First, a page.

In almost all states in our country, there are province wide separate university and college teachers’ associations. Besides these, almost all individual universities have their separate teachers’ organizations. West Bengal was an exception. There was a state wide joint organization of university and college teachers and also separate teachers’ organization in each university. There was a province wide separate organization for teachers of Government colleges in West Bengal. But there was no province wide organization only of the university teachers.

Many university teachers in West Bengal found this arrangement unsatisfactory. First, they felt that the joint organization of university and college teachers, because of its membership structure (about 96% of its members were college teachers naturally because the number of colleges were almost two orders of magnitude greater than the number of universities in this state) was not very sensitive to the specific problems of universities and university teachers. Secondly, there was an indirect political background to the existing state wide organization. When it was formed, it was decided that teachers of all political views would be accommodated in the organization but the office-bearers’ posts, in spite of being decided by elections, followed an unwritten code of apportioning them to particular political parties. This led to this association sometimes taking sides with political parties on various teachers’ issues which did not always serve the interest of education or the university teachers. In the opinion of many university teachers, the association should have declared itself apolitical. And finally and most importantly, there was a need of coordination between teachers of various universities on different issues specifically affecting the university teachers.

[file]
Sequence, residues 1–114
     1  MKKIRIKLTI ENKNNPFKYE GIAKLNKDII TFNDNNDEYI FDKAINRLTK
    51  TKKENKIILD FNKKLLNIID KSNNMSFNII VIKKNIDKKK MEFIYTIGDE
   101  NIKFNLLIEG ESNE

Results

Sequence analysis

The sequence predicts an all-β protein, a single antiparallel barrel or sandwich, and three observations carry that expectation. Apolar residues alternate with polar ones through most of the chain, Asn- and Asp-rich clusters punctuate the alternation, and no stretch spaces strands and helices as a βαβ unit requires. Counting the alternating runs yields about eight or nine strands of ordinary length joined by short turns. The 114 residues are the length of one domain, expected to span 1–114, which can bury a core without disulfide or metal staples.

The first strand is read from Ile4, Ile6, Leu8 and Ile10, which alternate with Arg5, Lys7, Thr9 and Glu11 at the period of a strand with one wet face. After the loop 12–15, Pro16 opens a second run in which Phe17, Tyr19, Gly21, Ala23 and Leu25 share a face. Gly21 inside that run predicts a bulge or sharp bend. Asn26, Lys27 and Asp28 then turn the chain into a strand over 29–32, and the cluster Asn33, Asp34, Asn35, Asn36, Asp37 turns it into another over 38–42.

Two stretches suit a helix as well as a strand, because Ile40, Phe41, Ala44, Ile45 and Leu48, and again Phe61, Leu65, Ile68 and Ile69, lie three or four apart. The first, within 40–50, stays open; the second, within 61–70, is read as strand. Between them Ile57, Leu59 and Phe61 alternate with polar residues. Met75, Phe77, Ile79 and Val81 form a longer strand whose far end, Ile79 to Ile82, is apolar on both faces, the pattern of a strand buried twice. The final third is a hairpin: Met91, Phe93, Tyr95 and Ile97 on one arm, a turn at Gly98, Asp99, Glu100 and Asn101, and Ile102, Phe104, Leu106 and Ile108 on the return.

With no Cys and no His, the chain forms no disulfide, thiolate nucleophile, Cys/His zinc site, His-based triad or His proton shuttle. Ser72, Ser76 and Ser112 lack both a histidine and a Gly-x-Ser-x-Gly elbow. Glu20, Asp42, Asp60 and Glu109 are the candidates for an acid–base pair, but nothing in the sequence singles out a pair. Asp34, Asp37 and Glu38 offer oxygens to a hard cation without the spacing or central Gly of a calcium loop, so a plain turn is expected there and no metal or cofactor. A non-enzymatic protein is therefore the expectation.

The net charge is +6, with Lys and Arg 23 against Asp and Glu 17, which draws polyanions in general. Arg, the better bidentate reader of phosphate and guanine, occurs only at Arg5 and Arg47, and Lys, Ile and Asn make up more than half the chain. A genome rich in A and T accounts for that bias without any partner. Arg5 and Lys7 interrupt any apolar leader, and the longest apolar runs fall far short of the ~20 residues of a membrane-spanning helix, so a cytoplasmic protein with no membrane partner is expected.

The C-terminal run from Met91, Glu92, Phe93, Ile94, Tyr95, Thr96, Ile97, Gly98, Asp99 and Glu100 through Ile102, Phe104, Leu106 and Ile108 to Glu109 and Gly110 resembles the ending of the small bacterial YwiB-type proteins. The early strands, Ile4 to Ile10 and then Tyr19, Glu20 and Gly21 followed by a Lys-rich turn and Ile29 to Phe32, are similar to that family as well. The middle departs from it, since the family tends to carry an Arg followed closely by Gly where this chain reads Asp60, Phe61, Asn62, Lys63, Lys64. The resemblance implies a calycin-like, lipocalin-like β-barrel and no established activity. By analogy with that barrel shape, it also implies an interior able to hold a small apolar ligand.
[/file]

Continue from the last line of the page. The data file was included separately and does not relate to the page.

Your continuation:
It is on this background that a convention of university teachers of this state was held on January 24, 2002 in Jadavpur University. More than 300 teachers attended the convention. After day long deliberations, it was decided that a state level university teachers’ organization would be formed. It will be a registered organization and completely apolitical. It would take up issues affecting higher education and legitimate interests of university teachers of the state. Its membership would be open to all full time teachers of the state universities. A member of this organization can also be a member of any other teachers’ association. This organization would not infringe on the existing separate teacher’s organizations in each university, but would coordinate its activities with them as much as practicable. The name of this organization would be “All Bengal University Teachers’ Association”, ABUTA for short. A first Executive Committee was formed at the convention. This committee was given the responsibility of drafting the Memorandum and Bye-Laws of the Association and obtaining its registration. It was also given the responsibility of running the organization till the registration was completed. It was expected that all the preliminary work would be completed within a two year period. The first Executive Committee fulfilled the task and the Association was finally registered in 2003-04, the first organizational election being held in 2004.